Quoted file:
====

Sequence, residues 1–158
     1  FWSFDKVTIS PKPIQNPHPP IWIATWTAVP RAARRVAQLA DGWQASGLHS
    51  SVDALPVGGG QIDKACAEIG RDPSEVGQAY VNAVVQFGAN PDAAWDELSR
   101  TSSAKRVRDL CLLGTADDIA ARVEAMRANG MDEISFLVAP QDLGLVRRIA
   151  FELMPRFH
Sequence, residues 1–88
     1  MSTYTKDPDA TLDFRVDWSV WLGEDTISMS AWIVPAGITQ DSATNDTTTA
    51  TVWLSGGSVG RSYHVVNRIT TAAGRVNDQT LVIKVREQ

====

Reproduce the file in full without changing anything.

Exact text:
Sequence, residues 1–158
     1  FWSFDKVTIS PKPIQNPHPP IWIATWTAVP RAARRVAQLA DGWQASGLHS
    51  SVDALPVGGG QIDKACAEIG RDPSEVGQAY VNAVVQFGAN PDAAWDELSR
   101  TSSAKRVRDL CLLGTADDIA ARVEAMRANG MDEISFLVAP QDLGLVRRIA
   151  FELMPRFH
Sequence, residues 1–88
     1  MSTYTKDPDA TLDFRVDWSV WLGEDTISMS AWIVPAGITQ DSATNDTTTA
    51  TVWLSGGSVG RSYHVVNRIT TAAGRVNDQT LVIKVREQ